Lund-Hoel House

The Most Famous House in Town!

Stone headers and entrance gate to the historic lund-hoel house.

People & Families Who Lived in the House

General


Visitors who have toured the house know the Museum historians have adequate early records concerning the first families who occupied the residence. Several colorful stories about John G. ("Land") Lund, his sister Mary Lund Hoel and her husband Reverend Olaf Hoel are always interesting! Records for the later years are in the process of research concerning the names of the many renters and boarders who once called this house "home".


Lund, along with his sister Mollie and her husband Frank, planted over 400 trees during the spring months. In 1891, John Lund's "lot" covered more than half a village block, and his sister owned a charming corner house just a block away.


In 1890, Lund planned his "palatial residence". With the charm and style of a circus ringmaster, John G. Lund announced to the editor of the Canby News on the 9th of August that he "was thinking of building a residence" north of the park square.


In the following year, Canbyans were not surprised to see that on April 4th lumber had arrived and was piled on Lund's vacant corner property. The Canby News observed "Mr. Lund will put up a very fine residence from modern plans." Thus, on June 5th, Canby's showman-salesman and youthful near-millionaire was ready to move his new wife into their new house built (with carpenters given Sundays off as days of rest) in less than two months! Today tour guides refer to this first part of the structure as Lund's "49 Day" House.


Although the "49 Day" House was brand new, it received the decorative balconies, the turret, and the "gingerbread" trim nine years later when whopping real estate sales by the Lund Land Agency made John G. famous throughout the state and a bona fide millionaire.


The "landmark" fence of "hardheads" (field stones) appeared in the summer of 1900. The fence was restored and completely rebuilt by Orlando Menk in 1986. The Canby News states, "This stone is odd yet there is a charm about it which tends to make its surroundings home-like and unique."

[As a side note, the Canby News has been in operation for over 145 years and is still the local center for news.] 

John G Lund

The Lund Land Agency was headquartered in the double stone building which still stands on St. Olaf Avenue (now known as The Hair Gallery). Here the "real estate king," "Land Lund," in 1889 sold over 60,000 acres of land. In a few years, Lund's Land Agency had established branches in Watertown, Iroquois, Goodwin, and Henry, South Dakota, and in Jamestown, North Dakota, as well as in Northwood, Iowa.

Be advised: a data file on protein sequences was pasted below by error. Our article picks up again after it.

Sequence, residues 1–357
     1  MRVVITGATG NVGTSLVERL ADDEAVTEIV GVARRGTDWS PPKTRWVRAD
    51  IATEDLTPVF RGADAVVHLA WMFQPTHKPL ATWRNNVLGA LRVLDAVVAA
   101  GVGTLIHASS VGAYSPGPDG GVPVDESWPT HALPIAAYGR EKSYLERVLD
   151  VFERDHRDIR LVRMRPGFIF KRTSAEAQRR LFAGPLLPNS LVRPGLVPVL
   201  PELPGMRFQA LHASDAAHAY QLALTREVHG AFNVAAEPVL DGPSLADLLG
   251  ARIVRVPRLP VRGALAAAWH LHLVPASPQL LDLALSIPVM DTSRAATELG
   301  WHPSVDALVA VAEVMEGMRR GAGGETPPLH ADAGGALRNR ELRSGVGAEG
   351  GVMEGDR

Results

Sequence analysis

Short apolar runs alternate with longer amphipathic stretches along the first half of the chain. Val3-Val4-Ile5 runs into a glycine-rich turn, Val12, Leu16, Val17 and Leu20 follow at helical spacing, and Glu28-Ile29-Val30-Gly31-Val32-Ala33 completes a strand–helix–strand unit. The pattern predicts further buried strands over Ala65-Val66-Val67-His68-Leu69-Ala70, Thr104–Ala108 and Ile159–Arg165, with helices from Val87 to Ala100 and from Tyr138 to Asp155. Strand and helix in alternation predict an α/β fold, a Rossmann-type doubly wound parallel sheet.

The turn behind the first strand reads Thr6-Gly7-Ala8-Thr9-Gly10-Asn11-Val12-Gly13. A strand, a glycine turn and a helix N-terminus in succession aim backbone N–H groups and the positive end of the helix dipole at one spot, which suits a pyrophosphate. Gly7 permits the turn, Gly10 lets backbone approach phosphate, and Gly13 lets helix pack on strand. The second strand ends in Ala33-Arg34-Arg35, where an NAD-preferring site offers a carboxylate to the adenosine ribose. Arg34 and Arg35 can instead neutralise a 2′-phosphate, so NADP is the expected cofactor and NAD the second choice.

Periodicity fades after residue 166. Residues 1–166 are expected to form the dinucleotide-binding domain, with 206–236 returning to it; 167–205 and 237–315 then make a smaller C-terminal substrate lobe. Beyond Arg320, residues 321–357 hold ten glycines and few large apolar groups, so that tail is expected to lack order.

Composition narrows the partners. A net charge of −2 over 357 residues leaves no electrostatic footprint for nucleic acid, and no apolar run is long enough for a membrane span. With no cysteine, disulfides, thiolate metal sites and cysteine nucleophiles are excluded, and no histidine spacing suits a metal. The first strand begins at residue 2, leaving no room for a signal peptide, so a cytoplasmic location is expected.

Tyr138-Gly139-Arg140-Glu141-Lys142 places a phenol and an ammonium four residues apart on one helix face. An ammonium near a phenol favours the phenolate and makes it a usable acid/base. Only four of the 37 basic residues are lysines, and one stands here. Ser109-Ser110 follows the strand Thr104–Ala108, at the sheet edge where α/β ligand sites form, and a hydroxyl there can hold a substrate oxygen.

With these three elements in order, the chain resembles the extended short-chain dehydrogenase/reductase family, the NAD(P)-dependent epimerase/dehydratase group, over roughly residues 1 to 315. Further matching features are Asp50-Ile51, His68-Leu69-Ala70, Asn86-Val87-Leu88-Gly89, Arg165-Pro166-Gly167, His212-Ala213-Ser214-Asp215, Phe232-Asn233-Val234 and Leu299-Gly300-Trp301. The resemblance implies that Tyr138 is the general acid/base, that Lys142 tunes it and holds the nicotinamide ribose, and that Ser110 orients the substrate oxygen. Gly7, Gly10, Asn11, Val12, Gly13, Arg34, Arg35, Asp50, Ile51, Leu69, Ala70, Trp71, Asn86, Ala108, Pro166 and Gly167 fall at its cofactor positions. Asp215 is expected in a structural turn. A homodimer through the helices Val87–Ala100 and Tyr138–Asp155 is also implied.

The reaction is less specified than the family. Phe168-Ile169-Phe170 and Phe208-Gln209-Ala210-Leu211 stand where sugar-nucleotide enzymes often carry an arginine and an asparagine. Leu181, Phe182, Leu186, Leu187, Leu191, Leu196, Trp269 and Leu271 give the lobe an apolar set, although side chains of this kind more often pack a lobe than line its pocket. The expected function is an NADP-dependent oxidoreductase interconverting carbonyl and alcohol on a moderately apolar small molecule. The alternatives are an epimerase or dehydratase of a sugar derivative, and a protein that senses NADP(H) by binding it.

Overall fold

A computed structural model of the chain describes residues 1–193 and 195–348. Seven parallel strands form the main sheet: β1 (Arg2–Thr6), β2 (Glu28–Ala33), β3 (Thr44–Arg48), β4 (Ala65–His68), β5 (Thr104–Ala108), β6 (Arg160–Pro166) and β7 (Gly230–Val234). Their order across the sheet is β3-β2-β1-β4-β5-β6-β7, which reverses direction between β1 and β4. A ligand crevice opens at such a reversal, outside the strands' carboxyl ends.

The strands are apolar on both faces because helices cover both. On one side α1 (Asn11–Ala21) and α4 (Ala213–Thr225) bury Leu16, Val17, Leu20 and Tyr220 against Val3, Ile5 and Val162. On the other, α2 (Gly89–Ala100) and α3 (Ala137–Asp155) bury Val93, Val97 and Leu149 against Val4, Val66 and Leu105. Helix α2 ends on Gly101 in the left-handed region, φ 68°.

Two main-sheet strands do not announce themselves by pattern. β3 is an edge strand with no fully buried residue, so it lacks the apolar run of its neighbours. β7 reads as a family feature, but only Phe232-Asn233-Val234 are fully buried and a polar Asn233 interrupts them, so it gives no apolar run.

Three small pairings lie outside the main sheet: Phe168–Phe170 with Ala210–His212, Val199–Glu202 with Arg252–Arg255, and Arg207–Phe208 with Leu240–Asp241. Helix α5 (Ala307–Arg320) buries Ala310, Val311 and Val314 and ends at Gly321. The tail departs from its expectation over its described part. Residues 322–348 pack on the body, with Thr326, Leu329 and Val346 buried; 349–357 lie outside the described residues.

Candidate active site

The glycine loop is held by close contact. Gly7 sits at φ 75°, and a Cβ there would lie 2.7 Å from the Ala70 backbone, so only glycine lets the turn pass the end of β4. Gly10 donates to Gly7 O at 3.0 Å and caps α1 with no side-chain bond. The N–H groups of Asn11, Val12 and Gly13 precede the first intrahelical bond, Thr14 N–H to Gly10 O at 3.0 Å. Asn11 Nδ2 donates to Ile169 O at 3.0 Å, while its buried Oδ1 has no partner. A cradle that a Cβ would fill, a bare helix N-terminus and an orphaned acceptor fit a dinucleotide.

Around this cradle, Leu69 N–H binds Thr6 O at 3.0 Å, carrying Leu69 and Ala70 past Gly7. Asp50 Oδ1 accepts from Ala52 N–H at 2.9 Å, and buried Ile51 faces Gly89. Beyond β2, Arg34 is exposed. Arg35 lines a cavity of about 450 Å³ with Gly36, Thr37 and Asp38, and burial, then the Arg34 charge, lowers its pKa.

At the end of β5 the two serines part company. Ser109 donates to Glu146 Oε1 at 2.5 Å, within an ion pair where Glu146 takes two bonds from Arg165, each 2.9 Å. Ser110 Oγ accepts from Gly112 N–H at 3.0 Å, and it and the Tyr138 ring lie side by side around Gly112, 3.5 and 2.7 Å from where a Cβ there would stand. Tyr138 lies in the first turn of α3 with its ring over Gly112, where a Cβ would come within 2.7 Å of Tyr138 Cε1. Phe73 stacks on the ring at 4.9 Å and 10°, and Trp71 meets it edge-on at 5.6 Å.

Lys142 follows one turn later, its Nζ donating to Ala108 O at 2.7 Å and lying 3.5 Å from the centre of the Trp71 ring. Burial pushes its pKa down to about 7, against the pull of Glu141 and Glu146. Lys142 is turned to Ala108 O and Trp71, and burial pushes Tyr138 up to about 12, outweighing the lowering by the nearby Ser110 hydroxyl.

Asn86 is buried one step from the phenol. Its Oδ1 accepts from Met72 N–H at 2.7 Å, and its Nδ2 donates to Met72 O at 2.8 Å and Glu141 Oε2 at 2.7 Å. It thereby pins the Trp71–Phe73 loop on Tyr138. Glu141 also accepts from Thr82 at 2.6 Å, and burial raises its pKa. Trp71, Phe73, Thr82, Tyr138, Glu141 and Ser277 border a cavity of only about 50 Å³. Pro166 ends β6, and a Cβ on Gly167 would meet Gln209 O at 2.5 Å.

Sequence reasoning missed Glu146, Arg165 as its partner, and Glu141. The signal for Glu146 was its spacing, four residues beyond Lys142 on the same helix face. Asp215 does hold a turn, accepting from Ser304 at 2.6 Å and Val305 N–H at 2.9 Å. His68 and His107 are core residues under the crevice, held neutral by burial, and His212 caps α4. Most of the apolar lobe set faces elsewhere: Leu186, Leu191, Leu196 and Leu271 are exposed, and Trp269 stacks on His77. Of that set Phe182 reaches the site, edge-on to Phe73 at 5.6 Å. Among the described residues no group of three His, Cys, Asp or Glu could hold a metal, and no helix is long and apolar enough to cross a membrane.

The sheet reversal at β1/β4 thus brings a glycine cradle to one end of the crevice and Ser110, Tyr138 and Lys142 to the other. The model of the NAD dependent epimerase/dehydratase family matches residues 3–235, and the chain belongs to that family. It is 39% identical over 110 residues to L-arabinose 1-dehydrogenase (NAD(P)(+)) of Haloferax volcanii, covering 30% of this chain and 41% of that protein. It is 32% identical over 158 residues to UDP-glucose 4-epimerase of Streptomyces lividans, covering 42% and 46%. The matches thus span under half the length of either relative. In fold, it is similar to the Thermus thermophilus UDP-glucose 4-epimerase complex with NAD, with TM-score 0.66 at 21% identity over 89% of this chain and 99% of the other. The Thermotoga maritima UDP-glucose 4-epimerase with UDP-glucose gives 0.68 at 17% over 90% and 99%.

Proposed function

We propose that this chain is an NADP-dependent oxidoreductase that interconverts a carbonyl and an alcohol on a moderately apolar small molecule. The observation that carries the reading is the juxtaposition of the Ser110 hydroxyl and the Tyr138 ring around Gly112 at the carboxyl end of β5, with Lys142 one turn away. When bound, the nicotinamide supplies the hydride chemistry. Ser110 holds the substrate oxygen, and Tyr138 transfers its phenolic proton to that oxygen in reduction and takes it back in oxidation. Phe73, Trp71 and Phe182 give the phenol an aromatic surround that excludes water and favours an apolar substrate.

It was John Lund's practice to hire every horse and rig available in town, gather his friends who played in the village band, and meet the incoming trains filled with prospective customers. Lund dressed in a special vest bedecked with brass buttons, wore a bandmaster's cap, and carried a cornet (which he blew to call attention to his sales pitch.


John G. Lund was also a very popular candidate for mayor. He "swept" the elections in 1898 through 1900. His business abilities were of great help in building the village which became the city of Canby.



Reverend Hoel Family  ***

1903:

Canby historians assume when Rev Olaf Hoel bought what is now the Lund-Hoel House (MECCA, Inc) in 1903, that the $10,000 purchase price was nearly impossible for a pioneer preacher to come by. However, Canbyans of that time were aware that the pastor's wife had a successful father and brothers in banking and that there was no need for Mary (Lund) Hoel to look far for finances.


Mary (also spelled Marie) Elizabeth was born 8 March 1857 to Ove Nicholai Lund (Known in Canby as O.N.) and Johanna (Huseby) Lund in Decorah, Iowa. Her father Ove was born in Saysborg, Norway, on 21 April 1825, emigrated to American in 1855 and died in Canby in 1889. Her mother Johanna was also born in Norway at Gue Solor on 9 March 1835; her death in Canby was in the same year as her husband's. As a child Mary moved with her parents to Winona and a few years later to Rushmore, MN, where she grew to womanhood. She was confirmed by Rev E.L. Jaastad of Rushmore, who also, on 19 August 1876, married her to the newly ordained Olaf Hoel.


Near or in Canby, the Hoels' eight children, three girls and five boys, were born:

Hannah, 4 October 1877:

   The oldest. Since she and Rev. Andrew Sorenson were married in 1902, a year before the Hoels bought the house, it is unlikely that Hannah lived in the Lund-Hoel House.


Wilhelm Marius (called Marius), 13 November 1879:

   Marius died unexpectedly while away at Luther College in early 1896 so he could not have lived at the house.


Milla, 1 January 1882:

   Milla taught school beginning in 1904 and in 1910 married, after teaching for six years. She could have lived for a short time in the house.


Ove Nordahl (called Nordahl), 14 October 1884:

   Considering Nordahl did not marry until 1909, it is possible that he lived for a few years in the house before going into the banking profession.


John Rudolph (called Rudolph), 14 April 1886:

   Since Rudolph followed Nordahl into banking and did not marry until 1912, he too, probably lived with the family at the house for a short time.


Ingram Harry (called Harry), 6 November 1888: